As the photo directory grows, the question of how we can improve adding alt text to images came up as right now the description field doesn’t nudge things along too much.
We discussed how we can do things like show how an image is displayed elsewhere as a way to recognize content creators. Some folks might also not want to use a heavily used image and might purposefully seek out less used ones to have more individuality on their site.
We talked through how important that very first moment of using Openverse will be in terms of ease of use and how the attribution flowFlowFlow is the path of screens and interactions taken to accomplish a task. It’s an experience vector. Flow is also a feeling. It’s being unselfconscious and in the zone. Flow is what happens when difficulties are removed and you are freed to pursue an activity without forming intentions. You just do it.
Flow is the actual user experience, in many ways. If you like, you can think of flow as a really comprehensive set of user stories. When you think about user flow, you’re thinking about exactly how a user will perform the tasks allowed by your product.Flow and Context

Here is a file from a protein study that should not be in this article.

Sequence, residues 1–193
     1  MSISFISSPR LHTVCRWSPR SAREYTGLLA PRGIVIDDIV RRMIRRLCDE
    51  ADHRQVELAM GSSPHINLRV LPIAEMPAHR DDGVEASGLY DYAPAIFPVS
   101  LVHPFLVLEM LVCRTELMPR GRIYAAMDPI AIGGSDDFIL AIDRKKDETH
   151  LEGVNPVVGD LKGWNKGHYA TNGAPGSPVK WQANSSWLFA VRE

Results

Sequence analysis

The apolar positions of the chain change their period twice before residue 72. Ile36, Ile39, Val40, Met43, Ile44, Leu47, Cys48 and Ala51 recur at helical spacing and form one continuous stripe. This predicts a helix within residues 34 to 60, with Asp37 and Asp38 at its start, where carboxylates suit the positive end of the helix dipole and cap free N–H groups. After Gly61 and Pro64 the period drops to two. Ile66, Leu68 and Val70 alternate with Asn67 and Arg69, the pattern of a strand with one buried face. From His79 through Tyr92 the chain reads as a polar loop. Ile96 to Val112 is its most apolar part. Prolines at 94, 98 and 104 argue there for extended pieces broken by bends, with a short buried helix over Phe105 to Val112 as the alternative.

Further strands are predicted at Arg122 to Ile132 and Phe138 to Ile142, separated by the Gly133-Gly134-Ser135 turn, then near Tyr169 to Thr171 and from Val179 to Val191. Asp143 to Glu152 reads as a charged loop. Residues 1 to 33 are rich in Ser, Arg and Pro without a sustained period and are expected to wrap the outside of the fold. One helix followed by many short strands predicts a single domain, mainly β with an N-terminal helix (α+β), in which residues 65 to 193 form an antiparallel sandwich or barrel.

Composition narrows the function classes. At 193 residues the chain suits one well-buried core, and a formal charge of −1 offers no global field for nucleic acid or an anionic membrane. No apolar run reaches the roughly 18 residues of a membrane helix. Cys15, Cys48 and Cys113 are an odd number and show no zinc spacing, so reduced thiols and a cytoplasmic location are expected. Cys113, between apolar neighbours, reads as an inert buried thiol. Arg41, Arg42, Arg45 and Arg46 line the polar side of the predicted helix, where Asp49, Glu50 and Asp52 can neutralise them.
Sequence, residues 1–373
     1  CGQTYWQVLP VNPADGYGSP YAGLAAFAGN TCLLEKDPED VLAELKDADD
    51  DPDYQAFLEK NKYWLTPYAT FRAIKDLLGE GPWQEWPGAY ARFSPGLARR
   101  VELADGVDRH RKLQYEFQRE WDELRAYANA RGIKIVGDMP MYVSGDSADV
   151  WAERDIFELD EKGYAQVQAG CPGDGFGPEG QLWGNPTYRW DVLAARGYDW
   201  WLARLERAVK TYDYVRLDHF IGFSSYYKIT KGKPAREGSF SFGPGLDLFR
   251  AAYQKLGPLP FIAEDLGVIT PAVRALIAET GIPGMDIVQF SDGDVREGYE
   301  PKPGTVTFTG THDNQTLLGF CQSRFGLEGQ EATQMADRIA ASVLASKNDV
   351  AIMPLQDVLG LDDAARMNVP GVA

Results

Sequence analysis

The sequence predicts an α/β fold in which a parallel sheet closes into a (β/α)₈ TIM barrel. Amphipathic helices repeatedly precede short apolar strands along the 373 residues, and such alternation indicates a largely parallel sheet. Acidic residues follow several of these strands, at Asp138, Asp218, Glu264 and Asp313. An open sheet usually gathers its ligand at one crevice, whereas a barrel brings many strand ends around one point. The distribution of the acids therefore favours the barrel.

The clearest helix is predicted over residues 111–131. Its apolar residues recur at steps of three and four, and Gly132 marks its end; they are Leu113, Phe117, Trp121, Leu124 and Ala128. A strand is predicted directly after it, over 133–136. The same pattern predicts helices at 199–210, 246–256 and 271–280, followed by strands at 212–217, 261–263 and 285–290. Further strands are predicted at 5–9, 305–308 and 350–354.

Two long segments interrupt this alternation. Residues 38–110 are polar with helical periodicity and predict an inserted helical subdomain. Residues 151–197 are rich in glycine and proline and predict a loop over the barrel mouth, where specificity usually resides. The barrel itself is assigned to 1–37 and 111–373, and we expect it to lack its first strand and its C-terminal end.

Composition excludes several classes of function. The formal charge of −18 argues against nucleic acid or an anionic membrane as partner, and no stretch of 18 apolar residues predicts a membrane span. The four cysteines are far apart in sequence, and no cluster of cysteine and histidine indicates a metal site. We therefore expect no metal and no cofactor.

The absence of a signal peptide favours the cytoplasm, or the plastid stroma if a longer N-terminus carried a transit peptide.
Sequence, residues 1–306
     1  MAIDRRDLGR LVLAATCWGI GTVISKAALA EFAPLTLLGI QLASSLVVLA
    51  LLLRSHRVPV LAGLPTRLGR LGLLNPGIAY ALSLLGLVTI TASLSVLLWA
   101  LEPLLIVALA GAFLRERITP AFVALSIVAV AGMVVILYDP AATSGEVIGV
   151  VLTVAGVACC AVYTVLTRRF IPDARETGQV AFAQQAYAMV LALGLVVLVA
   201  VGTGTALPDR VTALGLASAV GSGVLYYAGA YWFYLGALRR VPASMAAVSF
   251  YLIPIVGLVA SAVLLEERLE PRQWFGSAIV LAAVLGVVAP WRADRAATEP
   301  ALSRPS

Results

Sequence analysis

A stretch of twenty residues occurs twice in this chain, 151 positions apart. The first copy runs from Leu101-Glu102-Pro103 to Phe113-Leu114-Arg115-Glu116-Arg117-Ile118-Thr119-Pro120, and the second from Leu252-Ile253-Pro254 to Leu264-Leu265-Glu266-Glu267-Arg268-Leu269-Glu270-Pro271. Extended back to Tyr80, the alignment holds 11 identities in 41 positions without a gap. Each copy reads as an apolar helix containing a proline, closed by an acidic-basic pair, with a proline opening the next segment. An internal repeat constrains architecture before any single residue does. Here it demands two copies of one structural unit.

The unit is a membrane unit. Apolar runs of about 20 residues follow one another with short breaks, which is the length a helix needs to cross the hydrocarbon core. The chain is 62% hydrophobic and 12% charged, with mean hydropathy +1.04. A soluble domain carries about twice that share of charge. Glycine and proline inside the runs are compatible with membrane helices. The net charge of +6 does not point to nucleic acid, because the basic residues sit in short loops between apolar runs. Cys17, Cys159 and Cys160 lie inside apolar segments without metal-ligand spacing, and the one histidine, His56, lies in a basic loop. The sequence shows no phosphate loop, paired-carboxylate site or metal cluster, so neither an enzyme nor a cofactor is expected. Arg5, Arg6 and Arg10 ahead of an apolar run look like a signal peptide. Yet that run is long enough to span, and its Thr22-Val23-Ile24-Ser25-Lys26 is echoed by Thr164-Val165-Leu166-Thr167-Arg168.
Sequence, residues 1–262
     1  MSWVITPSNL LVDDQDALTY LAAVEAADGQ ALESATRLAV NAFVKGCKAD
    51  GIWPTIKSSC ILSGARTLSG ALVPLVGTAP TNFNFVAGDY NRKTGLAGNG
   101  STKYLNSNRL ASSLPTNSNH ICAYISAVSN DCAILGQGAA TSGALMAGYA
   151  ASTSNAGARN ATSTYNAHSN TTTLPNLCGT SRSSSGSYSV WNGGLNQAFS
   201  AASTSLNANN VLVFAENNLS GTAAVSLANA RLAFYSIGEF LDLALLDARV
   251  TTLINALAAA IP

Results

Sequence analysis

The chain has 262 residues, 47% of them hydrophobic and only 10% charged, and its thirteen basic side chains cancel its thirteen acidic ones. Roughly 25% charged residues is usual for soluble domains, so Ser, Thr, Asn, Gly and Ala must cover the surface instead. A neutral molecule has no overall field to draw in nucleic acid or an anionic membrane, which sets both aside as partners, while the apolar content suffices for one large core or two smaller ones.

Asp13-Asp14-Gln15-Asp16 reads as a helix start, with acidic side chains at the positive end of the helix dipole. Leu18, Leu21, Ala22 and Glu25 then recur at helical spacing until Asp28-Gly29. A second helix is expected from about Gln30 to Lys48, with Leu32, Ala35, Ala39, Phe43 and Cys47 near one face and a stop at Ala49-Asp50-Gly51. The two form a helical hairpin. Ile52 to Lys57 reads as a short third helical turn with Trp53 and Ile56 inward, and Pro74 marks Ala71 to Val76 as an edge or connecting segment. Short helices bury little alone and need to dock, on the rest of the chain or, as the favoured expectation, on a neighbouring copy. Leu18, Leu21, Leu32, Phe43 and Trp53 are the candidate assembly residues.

works. If it’s magical and does things like matching the theme styles, it could really help with adoption.
We ended the call agreeing that the ability to disable Openverse integration will also be important. This has come up with the pattern directory too and feels standard at this point to have this kind of opt in optionality.
At some point during the call, Ed also shared a great example of attributions on a site where, at the bottom, there’s a drawer that expands and shows all attributions there. It’s great to see specific examples and how they are being solved as this might influence how something like a gallery might work.
I love the idea of pulling the first image as the featured image if there is no featured image. My role is I work in SUNY, working with students, and that’s something they always forget to do.